I’m staring at my local gym leader’s cp 1323 Exeggutor and struggling to understand the popularity of Pokémon Go. It’s been a few weeks since the game came out and I just don’t get. My day job is literally to get this kind of stuff, to understand what makes a trending game interesting to the millions of people who play it, but it’s hard. As someone deeply embedded in the games industry, I’ve never felt more out of touch. Maybe I’m getting old.
Alright, well to be fair, I do understand the basic allure of Pokémon Go. Pokémon is a huge franchise with a lot of nostalgia attached to it. It’s no surprise people familiar with Pikachu and the gang are checking out the app. I also see why the quirky ARG overlay of Pokémon sitting on your coffee table or something is funny in a gimmicky sort of way — hey, look, it’s Koffing in a vape shop. Hell, I can even see why folks rally around the fictional teams of Valor, Mystic, and Instinct. We’re all familiar with group mentality and the sorting hat.
All of these things explain why one audience or another would find this game interesting. Even so, it’s the scale and enormity that I find disarming and even unsettling. Every game website on the internet has dozens of Pokémon Go articles available and several more in the pipeline. Traditional publications like the Wall Street Journal, New York Times, and The Atlantic have also jumped on the bandwagon. We’ve also seen reports about Pokémon Go players getting shot, stabbed, run over, kidnapped, and probably swept out to sea from every tabloid press around. I saw a food blog today list out how certain pokémon would taste when eaten.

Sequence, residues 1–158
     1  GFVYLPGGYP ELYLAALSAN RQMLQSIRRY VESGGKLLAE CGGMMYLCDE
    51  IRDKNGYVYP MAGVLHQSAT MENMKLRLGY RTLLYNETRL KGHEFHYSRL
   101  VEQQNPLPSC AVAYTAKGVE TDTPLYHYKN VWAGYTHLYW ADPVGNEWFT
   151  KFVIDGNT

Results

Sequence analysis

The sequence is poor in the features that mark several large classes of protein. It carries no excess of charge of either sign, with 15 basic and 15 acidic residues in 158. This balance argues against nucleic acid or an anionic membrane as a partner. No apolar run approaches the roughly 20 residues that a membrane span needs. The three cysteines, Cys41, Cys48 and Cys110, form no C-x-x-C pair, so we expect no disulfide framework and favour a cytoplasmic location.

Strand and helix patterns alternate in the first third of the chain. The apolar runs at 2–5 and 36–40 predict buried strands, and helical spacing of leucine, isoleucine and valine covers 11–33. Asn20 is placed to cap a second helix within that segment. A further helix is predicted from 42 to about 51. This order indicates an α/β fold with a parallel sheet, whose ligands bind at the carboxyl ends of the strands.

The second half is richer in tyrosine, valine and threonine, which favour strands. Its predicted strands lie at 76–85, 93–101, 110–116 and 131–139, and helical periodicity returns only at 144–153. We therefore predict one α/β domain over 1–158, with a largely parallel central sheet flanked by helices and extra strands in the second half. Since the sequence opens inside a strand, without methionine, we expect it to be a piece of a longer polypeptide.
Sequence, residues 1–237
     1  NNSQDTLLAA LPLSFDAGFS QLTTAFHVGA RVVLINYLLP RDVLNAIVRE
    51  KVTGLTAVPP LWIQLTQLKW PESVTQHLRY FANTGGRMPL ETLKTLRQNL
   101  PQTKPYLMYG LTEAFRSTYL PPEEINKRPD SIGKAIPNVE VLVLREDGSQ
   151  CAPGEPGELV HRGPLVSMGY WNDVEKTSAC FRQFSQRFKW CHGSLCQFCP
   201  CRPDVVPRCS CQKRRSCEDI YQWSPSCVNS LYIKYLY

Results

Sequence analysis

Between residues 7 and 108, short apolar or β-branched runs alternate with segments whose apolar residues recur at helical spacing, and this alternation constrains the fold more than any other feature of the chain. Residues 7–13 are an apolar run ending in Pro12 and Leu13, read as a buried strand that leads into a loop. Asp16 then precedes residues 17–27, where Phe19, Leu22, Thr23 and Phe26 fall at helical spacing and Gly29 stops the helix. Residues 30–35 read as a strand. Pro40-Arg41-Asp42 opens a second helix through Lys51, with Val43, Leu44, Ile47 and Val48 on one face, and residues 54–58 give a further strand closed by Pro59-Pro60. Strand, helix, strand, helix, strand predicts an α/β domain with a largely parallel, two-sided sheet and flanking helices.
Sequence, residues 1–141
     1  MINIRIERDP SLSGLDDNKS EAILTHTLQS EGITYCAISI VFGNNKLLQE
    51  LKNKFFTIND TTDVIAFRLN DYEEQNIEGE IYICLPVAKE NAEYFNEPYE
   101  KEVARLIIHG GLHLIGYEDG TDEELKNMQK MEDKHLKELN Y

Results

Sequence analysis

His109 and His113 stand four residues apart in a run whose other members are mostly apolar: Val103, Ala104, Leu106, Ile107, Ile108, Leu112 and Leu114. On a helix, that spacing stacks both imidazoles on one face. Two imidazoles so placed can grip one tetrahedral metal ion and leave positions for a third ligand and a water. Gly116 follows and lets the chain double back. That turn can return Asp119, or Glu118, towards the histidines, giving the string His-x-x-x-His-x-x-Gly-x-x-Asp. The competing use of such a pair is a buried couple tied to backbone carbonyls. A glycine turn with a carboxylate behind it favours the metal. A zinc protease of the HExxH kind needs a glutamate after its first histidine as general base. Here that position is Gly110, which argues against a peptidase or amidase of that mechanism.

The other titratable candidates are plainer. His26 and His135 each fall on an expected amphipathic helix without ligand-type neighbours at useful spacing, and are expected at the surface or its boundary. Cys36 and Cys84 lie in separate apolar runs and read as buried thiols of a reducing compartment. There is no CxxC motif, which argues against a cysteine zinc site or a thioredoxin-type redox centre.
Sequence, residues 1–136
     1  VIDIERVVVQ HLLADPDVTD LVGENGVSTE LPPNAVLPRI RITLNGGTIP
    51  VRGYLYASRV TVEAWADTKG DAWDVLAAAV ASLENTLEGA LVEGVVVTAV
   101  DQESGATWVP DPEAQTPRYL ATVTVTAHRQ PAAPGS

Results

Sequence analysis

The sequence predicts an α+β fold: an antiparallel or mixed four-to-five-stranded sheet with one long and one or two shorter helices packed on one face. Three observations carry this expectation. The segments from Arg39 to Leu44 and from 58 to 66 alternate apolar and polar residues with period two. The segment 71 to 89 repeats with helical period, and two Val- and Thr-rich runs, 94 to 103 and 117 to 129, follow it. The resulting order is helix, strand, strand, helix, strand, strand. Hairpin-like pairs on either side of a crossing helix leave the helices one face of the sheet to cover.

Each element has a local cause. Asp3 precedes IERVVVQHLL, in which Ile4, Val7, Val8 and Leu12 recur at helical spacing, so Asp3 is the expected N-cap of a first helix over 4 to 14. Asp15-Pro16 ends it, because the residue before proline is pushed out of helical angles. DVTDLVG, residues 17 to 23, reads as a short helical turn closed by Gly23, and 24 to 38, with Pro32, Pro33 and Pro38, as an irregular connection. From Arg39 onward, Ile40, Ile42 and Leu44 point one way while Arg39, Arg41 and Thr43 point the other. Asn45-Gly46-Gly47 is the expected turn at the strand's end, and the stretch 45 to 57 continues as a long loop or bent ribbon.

It’s a smorgasbord of Pokémon Go related content on the internet, all to feed a bizarrely diverse following. Everyone from young children to the elderly are playing the game. Pokémon Go is the nail in the coffin for the myth of the generation gap. The pokéfever also crosses political lines. For example, witness Hillary Clinton at a Pokestop, while Donald Trump aired an attack ad that cast Hillary in the role of a pokémon. The game is purportedly building grass roots communities and getting people to enjoy nature. It’s also stirring up controversy when played at memorial sites and stirring up a discussion about immigration reform (yes, really!).
Pokémon Go is so accessible, so universally applicable to any conversation today, that it must be devoid of meaning on its own. Pokémon Go is a milquetoast piece of entertainment. It’s bland porridge in a Ninja Turtles cereal bowl, so it seems more digestible. It’s a shallow diversion that has somehow morphed into a cultural and economic phenomenon.
What’s worse is that for many people playing Pokémon Go, this is the moment they “understand” gaming. They’re a part of it now. Acquaintances I once heard ridicule games as a form of entertainment are asking where they can find Snorlax. When this fad passes, will they stick around to explore what games have to offer? Will they search out the challenging, emotional, evocative indie games made with care? Will they consider playing the triple-A games that move the medium forward narratively or otherwise? If there’s a game that resets how people look at games, please, oh please, don’t let this be it.